University of Rochester

Local Teen Reaches Final Round in 'Junior Nobel Prize'

February 5, 2007

Rui Wang, 18, of Fairport High School, is one of 40 finalists selected from the 1,600 who entered the Intel Science Talent Search, which is often regarded as the "Junior Nobel Prize." She was selected on the strength of her research projects carried out last summer at the University of Rochester's Laboratory for Laser Energetics (LLE). Wang will now attend the Science Talent Institute in Washington, D.C., in March to compete for college scholarships totaling more than $500,000.

Wang's chemistry project described a new computational approach for establishing the absorption wavelengths of nickel dithiolene dyes. These dyes are noted for their intense absorption over a broad range of near-infrared wavelengths and have applications in optics, liquid crystal technologies and lasers. A novel aspect of Wang's study was her use of time-dependent density functional theory, a relatively new methodology, allowing her to predict accurately the maximum absorption wavelengths of various nickel dithiolene dyes.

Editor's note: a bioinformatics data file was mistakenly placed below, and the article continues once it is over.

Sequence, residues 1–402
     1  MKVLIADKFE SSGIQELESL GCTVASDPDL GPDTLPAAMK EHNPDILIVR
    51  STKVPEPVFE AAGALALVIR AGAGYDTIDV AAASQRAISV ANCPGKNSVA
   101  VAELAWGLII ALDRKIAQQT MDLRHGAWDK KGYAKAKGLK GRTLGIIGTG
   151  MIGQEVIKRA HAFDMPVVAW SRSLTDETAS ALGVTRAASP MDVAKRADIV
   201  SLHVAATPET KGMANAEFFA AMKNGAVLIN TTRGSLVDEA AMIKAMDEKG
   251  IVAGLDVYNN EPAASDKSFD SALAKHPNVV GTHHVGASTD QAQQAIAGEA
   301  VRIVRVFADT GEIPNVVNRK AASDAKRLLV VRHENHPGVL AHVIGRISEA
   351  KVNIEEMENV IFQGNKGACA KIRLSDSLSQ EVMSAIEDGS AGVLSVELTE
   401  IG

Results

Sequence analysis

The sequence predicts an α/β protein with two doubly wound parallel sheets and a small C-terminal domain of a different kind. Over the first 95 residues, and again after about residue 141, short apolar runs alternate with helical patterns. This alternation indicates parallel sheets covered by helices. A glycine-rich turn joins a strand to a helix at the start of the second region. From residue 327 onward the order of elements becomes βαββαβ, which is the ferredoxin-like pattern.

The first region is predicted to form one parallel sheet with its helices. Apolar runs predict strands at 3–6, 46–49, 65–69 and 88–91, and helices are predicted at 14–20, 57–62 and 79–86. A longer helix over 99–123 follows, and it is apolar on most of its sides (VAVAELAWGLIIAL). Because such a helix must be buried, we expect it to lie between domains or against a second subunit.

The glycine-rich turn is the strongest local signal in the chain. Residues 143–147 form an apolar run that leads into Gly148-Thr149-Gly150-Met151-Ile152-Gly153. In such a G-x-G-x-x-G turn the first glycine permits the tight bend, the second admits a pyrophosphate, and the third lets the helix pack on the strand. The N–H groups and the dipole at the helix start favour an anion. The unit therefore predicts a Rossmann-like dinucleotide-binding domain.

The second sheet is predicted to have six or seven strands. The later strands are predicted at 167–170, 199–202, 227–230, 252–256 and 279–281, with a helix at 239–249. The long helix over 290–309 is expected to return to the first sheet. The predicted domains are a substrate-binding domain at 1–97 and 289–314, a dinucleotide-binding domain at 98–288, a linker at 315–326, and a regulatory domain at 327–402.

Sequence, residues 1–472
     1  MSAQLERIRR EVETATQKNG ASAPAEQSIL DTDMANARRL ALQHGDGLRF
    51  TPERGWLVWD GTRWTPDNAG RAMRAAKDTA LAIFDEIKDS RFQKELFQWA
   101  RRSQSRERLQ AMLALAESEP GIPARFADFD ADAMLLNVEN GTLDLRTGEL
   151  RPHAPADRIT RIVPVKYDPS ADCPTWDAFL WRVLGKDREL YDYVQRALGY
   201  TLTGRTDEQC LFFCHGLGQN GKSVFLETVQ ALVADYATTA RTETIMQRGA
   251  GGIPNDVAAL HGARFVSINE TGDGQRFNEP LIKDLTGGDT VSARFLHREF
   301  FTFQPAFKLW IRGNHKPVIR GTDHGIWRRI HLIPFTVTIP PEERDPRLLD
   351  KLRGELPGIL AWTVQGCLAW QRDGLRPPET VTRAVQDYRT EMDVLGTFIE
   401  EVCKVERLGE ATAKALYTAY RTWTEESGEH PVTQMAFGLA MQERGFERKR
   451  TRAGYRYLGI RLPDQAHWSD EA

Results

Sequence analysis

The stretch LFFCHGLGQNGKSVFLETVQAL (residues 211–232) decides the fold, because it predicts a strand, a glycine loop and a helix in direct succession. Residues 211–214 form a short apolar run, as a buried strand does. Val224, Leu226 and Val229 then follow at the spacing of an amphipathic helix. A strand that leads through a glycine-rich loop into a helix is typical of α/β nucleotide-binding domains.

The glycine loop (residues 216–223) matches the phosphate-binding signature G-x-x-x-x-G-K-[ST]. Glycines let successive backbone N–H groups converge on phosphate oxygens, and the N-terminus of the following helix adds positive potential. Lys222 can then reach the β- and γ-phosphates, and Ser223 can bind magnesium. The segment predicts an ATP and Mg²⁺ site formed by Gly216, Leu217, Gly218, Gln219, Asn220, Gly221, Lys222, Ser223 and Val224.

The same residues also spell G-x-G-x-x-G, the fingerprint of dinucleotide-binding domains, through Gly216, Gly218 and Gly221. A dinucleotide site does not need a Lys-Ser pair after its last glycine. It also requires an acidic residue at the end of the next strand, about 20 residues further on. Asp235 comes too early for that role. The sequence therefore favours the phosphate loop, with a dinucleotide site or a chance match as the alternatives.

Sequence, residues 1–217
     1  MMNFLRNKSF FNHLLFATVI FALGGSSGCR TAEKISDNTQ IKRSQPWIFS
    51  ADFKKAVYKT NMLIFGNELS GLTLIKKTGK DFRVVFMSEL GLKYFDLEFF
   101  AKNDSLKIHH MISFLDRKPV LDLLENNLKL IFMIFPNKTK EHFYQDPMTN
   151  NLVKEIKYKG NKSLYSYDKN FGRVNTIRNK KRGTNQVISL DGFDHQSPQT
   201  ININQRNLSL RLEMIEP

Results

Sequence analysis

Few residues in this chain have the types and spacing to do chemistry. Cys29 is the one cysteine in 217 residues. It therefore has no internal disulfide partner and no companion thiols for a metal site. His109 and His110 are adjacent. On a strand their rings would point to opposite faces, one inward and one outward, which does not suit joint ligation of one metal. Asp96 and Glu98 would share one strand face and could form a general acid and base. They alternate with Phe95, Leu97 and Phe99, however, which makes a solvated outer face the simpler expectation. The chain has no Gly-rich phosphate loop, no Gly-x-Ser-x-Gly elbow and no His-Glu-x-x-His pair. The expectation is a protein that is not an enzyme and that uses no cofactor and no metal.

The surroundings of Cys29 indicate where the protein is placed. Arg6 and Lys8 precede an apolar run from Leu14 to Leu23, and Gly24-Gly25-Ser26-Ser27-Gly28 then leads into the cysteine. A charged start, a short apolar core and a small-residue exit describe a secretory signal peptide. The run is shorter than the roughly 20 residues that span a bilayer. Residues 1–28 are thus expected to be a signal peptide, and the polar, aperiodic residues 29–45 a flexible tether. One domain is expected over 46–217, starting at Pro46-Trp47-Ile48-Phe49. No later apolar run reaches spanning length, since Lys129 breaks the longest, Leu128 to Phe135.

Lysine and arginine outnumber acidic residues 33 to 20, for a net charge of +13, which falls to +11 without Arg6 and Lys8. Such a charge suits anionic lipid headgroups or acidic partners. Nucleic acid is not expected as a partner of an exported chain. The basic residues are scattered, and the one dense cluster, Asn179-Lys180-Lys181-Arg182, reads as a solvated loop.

LLE's primary mission is to study the conditions necessary to create and sustain fusion using the Omega laser. Involving young adults in state-of-the-art science, however, is another important goal of LLE's scientists and engineers.

"Our program provides a unique educational opportunity for talented high-school students. They're amazingly motivated, and it's exciting to see them recognized as among the best in the nation," said Stephen Craxton, LLE physicist and high-school program director. Students working at the laboratory have made up the large majority of Rochester-area Intel semifinalists honored during the past decade.

Applications for LLE's summer program are sent to area high schools in February or can be obtained directly by calling Jean Steve at (585) 275-9517. For more information about the program, contact Craxton at (585) 275-5467.




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